Type NM stands for nonmetallic
sheathed. The cable consists of a factory assembly of two or more insulated conductors within an overall nonmetallic jacket. Additionally, there is an equipment-grounding conductor that is bare or has green insulation. Type NM is identified by the size of the conductors and number of them. For example, the very commonly used Type NM 12-2 cable contains two 12 American Wire Gauge (AWG) insulated conductors. In this numbering system the bare or green equipment-grounding conductor is not counted. Hence it is known as NM 12-2 w/ground
Closely related cable types are Type NMC, which has a corrosion-resistant outer covering, and Type NMS, which contains, in addition to the usual power conductors, communications (signaling) wires. When the letter B is appended, as in NM-B cable
, it indicates that the conductor insulation is rated for 90 degrees C.
In the United States and elsewhere that it is applicable, all non-utility and non-mine electrical installations must comply with the National Electrical Code (NEC). Additionally, there is the Canadian Electrical Code (CEC).
In NEC Chapter Three, specific articles pertain to the various types of wire that are recognized. Type NM is covered in Article 334
. This section should be used as a guide for installing Type NM cable. Like each of the cable articles, it contains sections titled Uses Permitted and Uses Not Permitted. Broadly speaking, Type NM is permitted in one- and two-family dwellings and their attached or detached garages and storage buildings. Type NM is not to be used for services, outdoors, underground, embedded in concrete, or as data or fire alarm cable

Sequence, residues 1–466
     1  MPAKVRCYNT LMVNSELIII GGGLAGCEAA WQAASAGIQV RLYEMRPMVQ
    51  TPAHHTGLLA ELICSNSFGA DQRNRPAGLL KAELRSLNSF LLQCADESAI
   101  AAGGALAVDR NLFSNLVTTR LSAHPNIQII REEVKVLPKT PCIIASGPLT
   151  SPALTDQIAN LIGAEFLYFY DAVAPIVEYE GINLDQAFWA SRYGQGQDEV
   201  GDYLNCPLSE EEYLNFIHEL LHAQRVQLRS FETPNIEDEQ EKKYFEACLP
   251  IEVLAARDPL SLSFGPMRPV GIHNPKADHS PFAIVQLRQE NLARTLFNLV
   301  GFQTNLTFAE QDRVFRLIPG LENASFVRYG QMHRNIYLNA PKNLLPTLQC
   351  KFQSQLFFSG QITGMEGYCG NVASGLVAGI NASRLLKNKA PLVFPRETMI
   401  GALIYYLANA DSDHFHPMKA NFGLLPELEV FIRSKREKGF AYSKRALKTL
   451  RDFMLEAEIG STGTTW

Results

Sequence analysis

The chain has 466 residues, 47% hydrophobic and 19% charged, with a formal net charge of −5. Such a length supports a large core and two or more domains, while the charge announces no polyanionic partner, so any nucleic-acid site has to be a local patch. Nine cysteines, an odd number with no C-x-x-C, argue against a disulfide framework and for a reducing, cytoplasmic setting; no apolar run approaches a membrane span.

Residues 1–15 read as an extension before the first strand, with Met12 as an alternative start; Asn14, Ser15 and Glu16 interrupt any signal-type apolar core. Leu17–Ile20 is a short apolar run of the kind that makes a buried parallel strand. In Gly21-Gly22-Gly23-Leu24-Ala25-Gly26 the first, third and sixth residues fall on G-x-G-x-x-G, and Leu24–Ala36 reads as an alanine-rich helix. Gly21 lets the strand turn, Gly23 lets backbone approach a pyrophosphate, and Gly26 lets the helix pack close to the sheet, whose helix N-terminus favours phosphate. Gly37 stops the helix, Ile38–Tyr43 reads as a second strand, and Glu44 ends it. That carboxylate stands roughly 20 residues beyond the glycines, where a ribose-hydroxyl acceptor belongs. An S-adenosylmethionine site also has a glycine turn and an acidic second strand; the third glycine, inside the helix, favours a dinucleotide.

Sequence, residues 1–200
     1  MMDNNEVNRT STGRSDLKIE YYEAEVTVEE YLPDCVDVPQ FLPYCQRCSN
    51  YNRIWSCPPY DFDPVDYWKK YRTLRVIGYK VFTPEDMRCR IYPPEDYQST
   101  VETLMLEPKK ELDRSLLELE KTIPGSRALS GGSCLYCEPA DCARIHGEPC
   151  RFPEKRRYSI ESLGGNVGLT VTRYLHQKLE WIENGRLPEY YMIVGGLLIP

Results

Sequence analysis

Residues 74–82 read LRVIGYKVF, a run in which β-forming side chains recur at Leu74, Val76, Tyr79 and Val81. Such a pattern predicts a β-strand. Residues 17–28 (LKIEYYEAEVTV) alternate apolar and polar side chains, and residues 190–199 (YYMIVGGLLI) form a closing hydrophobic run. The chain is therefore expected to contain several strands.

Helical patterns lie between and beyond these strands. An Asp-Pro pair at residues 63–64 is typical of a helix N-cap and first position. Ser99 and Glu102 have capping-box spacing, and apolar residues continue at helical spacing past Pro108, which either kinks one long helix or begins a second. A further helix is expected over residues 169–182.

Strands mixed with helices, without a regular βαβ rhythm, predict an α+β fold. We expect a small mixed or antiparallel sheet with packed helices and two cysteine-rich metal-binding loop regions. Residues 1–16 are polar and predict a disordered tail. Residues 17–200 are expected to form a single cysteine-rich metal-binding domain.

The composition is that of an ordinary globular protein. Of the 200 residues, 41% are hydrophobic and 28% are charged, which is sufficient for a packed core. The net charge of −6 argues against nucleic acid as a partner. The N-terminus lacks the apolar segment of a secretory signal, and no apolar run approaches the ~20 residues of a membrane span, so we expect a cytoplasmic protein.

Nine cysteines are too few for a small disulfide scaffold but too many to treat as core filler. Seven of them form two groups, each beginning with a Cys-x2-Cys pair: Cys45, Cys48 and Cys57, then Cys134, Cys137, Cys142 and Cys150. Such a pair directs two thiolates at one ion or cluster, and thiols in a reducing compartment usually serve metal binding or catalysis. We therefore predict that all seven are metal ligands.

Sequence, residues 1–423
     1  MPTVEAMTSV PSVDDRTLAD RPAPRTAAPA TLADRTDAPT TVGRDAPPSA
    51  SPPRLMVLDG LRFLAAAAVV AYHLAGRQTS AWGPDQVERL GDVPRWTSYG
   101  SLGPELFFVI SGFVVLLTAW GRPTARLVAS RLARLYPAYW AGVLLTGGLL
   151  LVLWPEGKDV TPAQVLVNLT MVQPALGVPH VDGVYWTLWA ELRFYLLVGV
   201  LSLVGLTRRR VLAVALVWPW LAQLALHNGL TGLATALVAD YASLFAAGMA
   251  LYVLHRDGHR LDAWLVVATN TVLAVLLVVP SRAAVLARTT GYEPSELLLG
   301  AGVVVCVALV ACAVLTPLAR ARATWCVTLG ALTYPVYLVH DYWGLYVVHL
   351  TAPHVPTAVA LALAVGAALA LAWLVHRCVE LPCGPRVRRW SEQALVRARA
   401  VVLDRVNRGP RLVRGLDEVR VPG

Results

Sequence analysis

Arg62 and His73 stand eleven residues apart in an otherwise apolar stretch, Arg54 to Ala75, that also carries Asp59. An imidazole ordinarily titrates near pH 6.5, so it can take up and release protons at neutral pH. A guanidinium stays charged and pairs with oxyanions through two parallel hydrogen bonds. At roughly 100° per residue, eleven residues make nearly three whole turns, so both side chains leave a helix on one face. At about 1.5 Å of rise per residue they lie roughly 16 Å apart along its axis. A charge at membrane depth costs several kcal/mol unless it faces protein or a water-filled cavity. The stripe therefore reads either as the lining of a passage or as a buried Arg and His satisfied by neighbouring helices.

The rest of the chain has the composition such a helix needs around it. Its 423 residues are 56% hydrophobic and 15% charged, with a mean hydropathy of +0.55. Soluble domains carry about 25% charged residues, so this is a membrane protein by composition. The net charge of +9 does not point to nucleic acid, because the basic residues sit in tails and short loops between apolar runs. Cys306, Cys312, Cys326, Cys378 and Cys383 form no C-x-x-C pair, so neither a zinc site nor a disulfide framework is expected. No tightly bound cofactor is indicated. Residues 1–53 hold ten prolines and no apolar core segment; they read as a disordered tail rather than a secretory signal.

(in centrally-controlled fire alarm systems). In limited circumstances, Type NM can be used in multi-family dwellings such as apartment houses and in commercial buildings. This depends upon the type of construction, as outlined in Informational Annex E at the back of the Code book.
A very common mistake that is made is using Type NM for the wiring in commercial garages. There may be gray areas, but the basic idea is that NM should never be used where there may be vapors in the air from flammable liquids such as gasoline, or where flammable gases are used as fuels. A garage is sometimes built as part of a residential property where it eventually becomes a backyard facility. These operations, even if they are not for profit, where engines and gas tanks are removed and fuel systems are opened, are sure to contain at times vapors from flammable liquids. Acetylene and arc welders add to the mix. These buildings should not be wired in Type NM cable.
Article 334 also contains installation requirements for Type NM cable and they should be carefully followed. Minimum bending radius, securing and supporting intervals including distances from boxes (different for metal and plastic) and protection from physical damage must be observed.
As in any wiring, sizing out the cable, i.e. conductor ampacity, is based on the amount of current that the conductors will have to carry. This in turn derives from the over-current protection (breaker or fuse) rating. Also, ambient temperature and bundling of current-carrying conductors enter the picture. All of this is outlined in NEC Chapter Three.
All of these issues are covered in electricians’ licensing exams. In most jurisdictions, homeowners are permitted to do electrical work in their own homes. However, for fire and shock protection Code mandates should be followed faithfully.
By Guest Columnist David Herres